The Center for a New American Dream's annual campaign urging Congress to create a do-not-mail registry is gaining momentum as a result of the newly launched national no-call registry.
“We are definitely getting more responses this year because of the do-not-call registry,” said Eric Brown, a spokesman for the Takoma Park, MD, nonprofit organization.
The campaign, first conducted in July 2000, is called “Declare Your Independence From Junk Mail.” It helps educate consumers on how to get off mailing lists as well as provide sample letters to e-mail local lawmakers.
The center does not use any direct mail to promote the campaign, and instead asks visitors to the site to send instant-notification forms to friends about it. Visitors also are urged to write letters to the editor of their local newspapers.
Since 2000, more than 50,000 users have filled out the site's online form to request to opt out of unwanted mail, and 10,000 people have sent e-messages to lawmakers, Brown said.
“Since the campaign was launched this year right before July 4, the messages that people are sending [to their lawmakers] out of our junk mail Web site have gone up significantly,” he said.
The center said it would be easy to adapt the rules of the telemarketer registry to apply to mail. Like the phone registry, a no-mail list could:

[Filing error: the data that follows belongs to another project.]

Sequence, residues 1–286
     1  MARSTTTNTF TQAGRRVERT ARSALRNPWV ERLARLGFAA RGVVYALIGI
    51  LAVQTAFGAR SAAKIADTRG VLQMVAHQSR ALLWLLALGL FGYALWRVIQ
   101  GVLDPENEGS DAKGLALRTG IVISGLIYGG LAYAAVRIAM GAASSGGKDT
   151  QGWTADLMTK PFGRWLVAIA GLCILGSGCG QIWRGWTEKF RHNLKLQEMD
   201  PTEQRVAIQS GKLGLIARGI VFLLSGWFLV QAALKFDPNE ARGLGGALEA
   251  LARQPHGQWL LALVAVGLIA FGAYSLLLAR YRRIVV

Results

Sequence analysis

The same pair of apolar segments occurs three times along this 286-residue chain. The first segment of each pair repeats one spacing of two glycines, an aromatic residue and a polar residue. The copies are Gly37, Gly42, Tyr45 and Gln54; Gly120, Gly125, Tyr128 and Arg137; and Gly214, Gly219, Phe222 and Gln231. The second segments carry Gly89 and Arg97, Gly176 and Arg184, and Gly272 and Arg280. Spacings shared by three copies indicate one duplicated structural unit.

· Be funded by the ad industry and therefore not place a financial burden on taxpayers.
· Not apply to charities and political groups, though they would have to honor requests not to receive further mail.
· Let businesses mail to customers for 18 months after making a sale, though they also would have to honor requests to stop.
· Center officials said they will run their campaign yearly until such a registry is commissioned.
Meanwhile, in Massachusetts, a House committee is considering a bill that would direct the state's office of Consumer Affairs and Business Regulations to establish a do-not-send list for the state's residents.
A hearing for the bill, H. 3481, was canceled earlier this month and has not been rescheduled. Once the hearing takes place, a committee could give the bill a favorable report or send it to a study or another committee. If given a favorable report, the bill would proceed through the legislative process where the House and state Senate would vote on it.